With congressional efforts to repair a broken immigration system stalled by election-year politics, the Obama administration is deporting unauthorized immigrants at record rates and in the process putting pressure on the states.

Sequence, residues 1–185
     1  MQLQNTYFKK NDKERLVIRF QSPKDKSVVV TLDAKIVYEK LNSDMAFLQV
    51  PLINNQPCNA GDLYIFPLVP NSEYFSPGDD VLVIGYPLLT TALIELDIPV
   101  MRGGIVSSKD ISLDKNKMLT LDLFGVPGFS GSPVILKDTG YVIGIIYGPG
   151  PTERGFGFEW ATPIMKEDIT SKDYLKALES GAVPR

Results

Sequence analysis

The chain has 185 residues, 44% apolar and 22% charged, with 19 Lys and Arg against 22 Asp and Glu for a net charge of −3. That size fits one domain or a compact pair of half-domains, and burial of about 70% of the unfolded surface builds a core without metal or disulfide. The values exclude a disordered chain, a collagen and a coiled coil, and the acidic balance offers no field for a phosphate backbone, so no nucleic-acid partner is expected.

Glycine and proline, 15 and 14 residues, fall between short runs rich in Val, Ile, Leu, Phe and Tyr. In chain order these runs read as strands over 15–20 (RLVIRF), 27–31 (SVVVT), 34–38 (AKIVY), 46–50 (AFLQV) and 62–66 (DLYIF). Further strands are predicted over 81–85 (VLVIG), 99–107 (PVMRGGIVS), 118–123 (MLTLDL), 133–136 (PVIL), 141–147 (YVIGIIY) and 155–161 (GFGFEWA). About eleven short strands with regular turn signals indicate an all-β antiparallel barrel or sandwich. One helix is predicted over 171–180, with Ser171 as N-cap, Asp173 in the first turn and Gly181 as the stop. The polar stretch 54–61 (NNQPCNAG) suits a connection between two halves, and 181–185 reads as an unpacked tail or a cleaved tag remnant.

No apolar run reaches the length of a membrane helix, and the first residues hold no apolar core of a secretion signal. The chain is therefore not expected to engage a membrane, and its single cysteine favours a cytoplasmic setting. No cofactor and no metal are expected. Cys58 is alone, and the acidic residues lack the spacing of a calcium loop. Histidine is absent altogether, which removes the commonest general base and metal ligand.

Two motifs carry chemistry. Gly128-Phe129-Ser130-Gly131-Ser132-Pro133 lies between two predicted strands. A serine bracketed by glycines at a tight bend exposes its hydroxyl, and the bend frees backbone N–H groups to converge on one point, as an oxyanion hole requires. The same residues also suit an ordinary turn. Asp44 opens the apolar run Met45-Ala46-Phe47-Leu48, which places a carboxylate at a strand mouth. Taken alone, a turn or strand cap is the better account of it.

In five years in office, President Obama has deported nearly 2 million of these immigrants, more than any other president, and as many as President George W. Bush did in eight years. The pace of deportations has angered and frightened Latinos, who according to a Pew Research poll now believe that the threat of deportation takes precedence over establishing a pathway to U.S. citizenship. Janet Murguia, who heads the National Council of La Raza, calls Obama the "deporter in chief" and says the deportations have left "a wake of devastation for families across America." Meeting with restive Latino leaders recently in the White House, Obama agreed that deportation policies should be more humane and said he had ordered a review of his administration's law enforcement policies. Latino leaders are equally exasperated with the Republican-controlled House of Representatives, which has spurned a bipartisan immigration measure that the Senate passed nine months ago. Rejecting the Senate's omnibus approach, the House instead came up with five separate bills but has not acted on any of them. Congress has not passed comprehensive immigration legislation since the Immigration Reform and Control Act of 1986, which President Ronald Reagan supported and signed into law. That measure granted permanent residence to 2.7 million unauthorized immigrants living in the United States; the actual number may be higher since some of these immigrants later brought in family members. Subsequent attempts at immigration reform have run aground in Congress despite White House support for a comprehensive bill from George W. Bush and Obama. Federal inaction has left immigration decisions to the states, which after initially marching off in different directions have become more responsive than either the hyperactive White House or the gridlocked Congress to the needs of unauthorized immigrants Fifteen states extend in-state tuition benefits to unauthorized immigrant students. (New York had been expected to become the 16th such state but in a surprise move, the state Senate on Monday rejected the proposal by a single vote.) Eleven states issue driver's licenses to unauthorized residents. California last year allowed unauthorized immigrants to practice law. Partly in response to the wave of deportations, 11 states and more than 100 local governments have enacted sanctuary policies preventing state and local law enforcement from inquiring about immigration status or cooperating with federal immigration authorities except in cases of major crimes. For all they've done, however, states are limited by the U.S. Constitution, which in Article I grants primacy to the federal government on immigration policy. Several states have appealed for federal action that would allow them to bring in immigrants with technical skills or agricultural workers to harvest crops. "The level of frustration in the states is off the charts," said Ann Morse, program director of the Immigrant Policy Project for the National Council of State Legislatures. Morse said that polls show the public is ahead of Congress on immigration reform and that state legislatures are responding to these sentiments to the degree they are permitted to do so by the Constitution and Supreme Court decisions. Forty-four states and the District of Columbia last year passed 184 laws and 253 resolutions relating to immigration, a 64 per cent increase from 2012. Results of the latest Pew Research Poll, released on February 27, bear Morse out. Seventy-three percent of those surveyed said that a way should be found for the estimated 11.5 million unauthorized immigrants now in the United States to remain here. Only 46 percent, however, said these immigrants should be able to apply for U.S. citizenship. Poll respondents were equally divided in their opinions about the Obama administration's deportation policies. These deportations have imposed added costs on the states. According to Angela Kelley of the Center for American Progress, more than 5,000 American children are in foster homes because one or both of their parents have been deported. The fiscal costs are born largely by the states. But the economic outlays by the states pale in comparison to the human cost of the mass deportations, often for trivial offenses. The Economist, highly critical of what it called the "Obama deportation machine," gave the example of Octavio Nava Cabrera, who was pulled over by police in Illinois in April 2013 for going through a stop sign. He had arrived in the state in 1986, at the age of 13, and most of his family still lives there. Nava Cabrera was imprisoned for seven months and then deported, leaving a son behind. He now sleeps on the floor of a friend's apartment in Mexico City. "The deportation machine costs more than all other areas of federal criminal law enforcement combined," the Economist editorialized. "It tears families apart and impoverishes America." The president's defense is that he has a duty to enforce the immigration laws as written. The Economist called this "a cop-out," noting that Obama in 2011 acted on his own without Congressional approval in delaying deportation of immigrants who had arrived in the United States as children. Obama would undoubtedly draw fire from conservatives if he unilaterally slowed other deportations, but he has not hesitated to use executive power on issues he gives a high priority, most notably delaying several sections of the Affordable Care Act. Republicans who are tempted to throw stones at the dubious deportation practices of the administration might first want to consider getting their own act together. The GOP has been playing politics with immigration reform, which as Sen. John Cornyn (R-Texas) has acknowledged, is of no particular help to Republicans in the 2014 midterm elections but may be essential in advance of the 2016 presidential election. Here's why: Republicans are losing the battle for the votes of Latinos, a rapidly expanding segment of the electorate. Obama beat John McCain 2-1 among Latino voters in 2008; he expanded this advantage to 3-1 when defeating Mitt Romney in 2012. Unless the next Republican presidential nominee reduces this gap, it's hard to see how the GOP can win the White House. But it's a different story in midterm elections, where the electorate is older and whiter. Republicans are favored to hold the House this year and are considered at least an even bet to win the six seats necessary to take control of the U.S. Senate. In 10 of 11 of the closest Senate races, the Latino population is less than the national average. But Republicans are fooling themselves if they think immigration reform will be easier to deal with after the election. The issue, thorny and complex, cuts across party lines. While there is public agreement that reform is needed, there are major regional and ideological differences on what should be required of immigrants who seek a path to citizenship as well as differences on the issues of border security and a guest-worker program. Trying to obtain consensus with a lame duck Democratic president and a Congress possibly controlled by the Republican opposition might be even more difficult than passing an immigration reform bill in an election year. Both Congress and the president, however, owe more to their constituents than they have delivered up to now. The states have pretty much done what they can. Millions of unauthorized immigrants are in limbo. As NCSL's Ann Morse might put it, it's time for the politicians in Washington to catch up to the American people.